January 24, 2018

Hearts and things...


Long time no blog! I'm not even sure if blogs are as popular as they used to be when I first started in 2007. The online landscape has changed so much with Instagram, Pinterest etc. But it is something I need to get back to. The prolonged absence has been for a few reasons, work, life and health just about covers it.

Health for me has been the trickiest issue. Firstly there was a knee thing. I call it a thing as it turned out to be quite bizarre once the scary side was out of the equation. In a nutshell, my knee swelled up one day a couple of years ago. A year after that, I noticed a hard lump inside the swelling. The hard lump grew so my GP sent me to see an Orthopedic Oncologist, suspecting it could be a cancerous growth. This meant I had 3 months of investigations, MRI scan, biopsy etc, to test to see if it was sarcoma. All very scary at the time, and a huge relief when I finally got a diagnosis of pigmented villonodular synovitis (PVNS), which is basically a joint disease that grows benign tumours. After another 3 months on the surgery waiting list, the tumour came out. I won't go into detail but it was very painful and took a while to recover from, and can regrow in the future, but for now, I'm having more physio to realign my kneecap, and so far so good.

Then last November, something happened that I was least expecting, I had a heart attack. 

Out of the blue, no prior symptoms, I'm not unhealthy (at least I don't think so!), had been doing pilates once a week since my knee surgery, low cholesterol, barely drink, don't smoke, and yet, one morning, the 2nd November 2017 to be precise, at 8.10am, I could barely breathe. It felt like my lungs and chest were being crushed, followed by a sharp pain in my heart. What followed is a bit of a blur, GP surgery, ECG, ambulance and hospital. At 3.30pm, the blood test results came back, and all of a sudden I was surrounded by nurses. There was troponin in my blood, which confirmed, I'd had a heart attack. I went into shock, trying to take in what was going on around me, to me. Nurses, doctors, heart monitors, blood being taken again, injections, tablets, my head was spinning.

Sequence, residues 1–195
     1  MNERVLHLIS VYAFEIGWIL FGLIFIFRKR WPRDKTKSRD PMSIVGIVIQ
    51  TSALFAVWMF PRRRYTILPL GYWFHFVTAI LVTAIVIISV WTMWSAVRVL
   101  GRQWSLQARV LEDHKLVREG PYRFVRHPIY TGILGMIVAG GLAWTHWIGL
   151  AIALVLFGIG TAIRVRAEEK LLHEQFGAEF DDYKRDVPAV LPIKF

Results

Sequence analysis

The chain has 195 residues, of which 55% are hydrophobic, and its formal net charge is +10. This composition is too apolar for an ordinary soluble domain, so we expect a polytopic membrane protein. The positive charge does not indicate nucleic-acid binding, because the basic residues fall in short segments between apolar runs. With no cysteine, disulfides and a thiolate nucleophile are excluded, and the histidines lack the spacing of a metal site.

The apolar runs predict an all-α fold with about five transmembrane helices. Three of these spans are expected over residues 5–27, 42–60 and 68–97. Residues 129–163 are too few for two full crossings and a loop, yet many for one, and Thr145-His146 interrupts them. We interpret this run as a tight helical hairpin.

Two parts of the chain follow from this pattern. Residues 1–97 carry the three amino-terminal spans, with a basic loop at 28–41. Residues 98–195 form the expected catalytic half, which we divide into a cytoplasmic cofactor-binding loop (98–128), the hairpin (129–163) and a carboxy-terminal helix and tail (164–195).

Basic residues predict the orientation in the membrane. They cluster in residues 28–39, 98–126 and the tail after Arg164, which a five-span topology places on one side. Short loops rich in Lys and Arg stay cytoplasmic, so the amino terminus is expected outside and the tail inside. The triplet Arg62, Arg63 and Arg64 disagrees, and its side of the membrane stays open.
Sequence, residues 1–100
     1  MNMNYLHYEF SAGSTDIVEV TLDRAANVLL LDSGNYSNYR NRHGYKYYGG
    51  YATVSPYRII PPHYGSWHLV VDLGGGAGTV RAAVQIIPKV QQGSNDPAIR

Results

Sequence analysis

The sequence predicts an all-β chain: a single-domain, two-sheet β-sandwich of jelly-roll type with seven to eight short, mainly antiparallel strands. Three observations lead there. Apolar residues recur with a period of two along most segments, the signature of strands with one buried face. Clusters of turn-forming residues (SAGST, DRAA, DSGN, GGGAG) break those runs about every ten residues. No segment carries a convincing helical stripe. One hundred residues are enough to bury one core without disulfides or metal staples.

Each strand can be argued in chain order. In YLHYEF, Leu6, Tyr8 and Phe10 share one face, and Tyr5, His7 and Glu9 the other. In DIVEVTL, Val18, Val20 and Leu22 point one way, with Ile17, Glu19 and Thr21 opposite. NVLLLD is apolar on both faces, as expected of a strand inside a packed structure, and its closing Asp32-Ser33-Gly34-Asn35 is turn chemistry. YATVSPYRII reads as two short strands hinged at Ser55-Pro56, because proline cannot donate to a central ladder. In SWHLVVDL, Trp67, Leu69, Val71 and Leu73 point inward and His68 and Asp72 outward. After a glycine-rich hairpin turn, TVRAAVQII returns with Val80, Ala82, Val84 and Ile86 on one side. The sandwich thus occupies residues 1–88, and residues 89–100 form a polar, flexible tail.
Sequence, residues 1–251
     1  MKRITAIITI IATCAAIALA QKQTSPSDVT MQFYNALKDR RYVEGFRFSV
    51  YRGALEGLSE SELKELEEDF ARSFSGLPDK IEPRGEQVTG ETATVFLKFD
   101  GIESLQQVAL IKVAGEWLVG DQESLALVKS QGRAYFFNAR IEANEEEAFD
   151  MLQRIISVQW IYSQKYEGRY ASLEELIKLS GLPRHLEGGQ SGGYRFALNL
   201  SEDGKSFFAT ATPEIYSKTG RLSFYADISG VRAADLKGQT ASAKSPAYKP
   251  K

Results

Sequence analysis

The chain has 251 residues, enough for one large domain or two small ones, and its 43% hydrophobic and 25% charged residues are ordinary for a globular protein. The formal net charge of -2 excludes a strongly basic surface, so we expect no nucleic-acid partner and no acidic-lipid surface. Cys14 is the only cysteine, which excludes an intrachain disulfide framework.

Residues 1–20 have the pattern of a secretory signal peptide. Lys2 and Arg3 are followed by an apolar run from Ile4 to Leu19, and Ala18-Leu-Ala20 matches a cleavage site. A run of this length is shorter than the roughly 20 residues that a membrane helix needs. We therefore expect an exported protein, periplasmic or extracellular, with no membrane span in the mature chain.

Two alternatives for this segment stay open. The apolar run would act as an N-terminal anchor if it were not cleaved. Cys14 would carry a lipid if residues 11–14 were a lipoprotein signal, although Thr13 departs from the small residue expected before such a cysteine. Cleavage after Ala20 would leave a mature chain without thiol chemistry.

I was admitted into the coronary care unit, and the next day moved again, by ambulance to a different hospital, for a procedure called an angiogram. At this point, I knew I'd had a heart attack, but the missing piece of the puzzle was why. An angiogram is not a very pleasant experience, and there were complications afterwards with excessive bleeding. It is done via an artery, which should seal up once its over, however, the first course of action with heart attack patients is what they call dual anti-platelet therapy, ie blood thinners. I didn't stop bleeding and spent the night with my arms elevated, in pressure straps and ice packs. The good news was the cardiologist found the issue. From my angiogram report...

"The main body of the right coronary artery was normal, however, there was an abrupt step down in calibre of both the posterolateral branch and the posterior descending artery with an appearance suggestive of spontaneous coronary artery dissection"

So there you have it, I had something called a spontaneous coronary artery dissection or SCAD. Quite rare, affects mainly women, and happens spontaneously. It cannot be predicted and cannot be prevented. In short, part of an artery either bruised or split, causing the blood supply to my heart to be compromised, which in turn caused an acute non-stemi myocardial infarction. I came home from hospital massively bruised and on a lot of medication. It's taken a couple of months to feel anywhere near normal, it's not normal though, its a new normal really.

Next steps are, I'm waiting to see a cardiologist in March and also have an assessment appointment early February with cardiac rehab. I've had an echocardiogram since it happened, so far, it looks like there hasn't been any permanent muscle damage to my heart, beyond that, the other important factor is the dissected artery healing, which I've been told can take anywhere from 6 weeks to 6 months. Long term there's a good chance of a full recovery, in time the medication may reduce, the lasting factors will be the memories of it all and the medic alert bracelet I now wear.

Just before all this happened, I'd begun work on another book, and in fact have ideas for 3 new books. Now I'm starting to feel better, am itching to get back to work so am going to keep going. One of the first projects I'm currently working on is a fundraising pattern, a softie that can be personalised for survivors of trauma, proceeds will go to a heart research charity initially. A cause close to my own heart right now!

*Edited to add - this post really only just skims the surface of what happened, I will write about it in more detail soon for the Beat Scad website.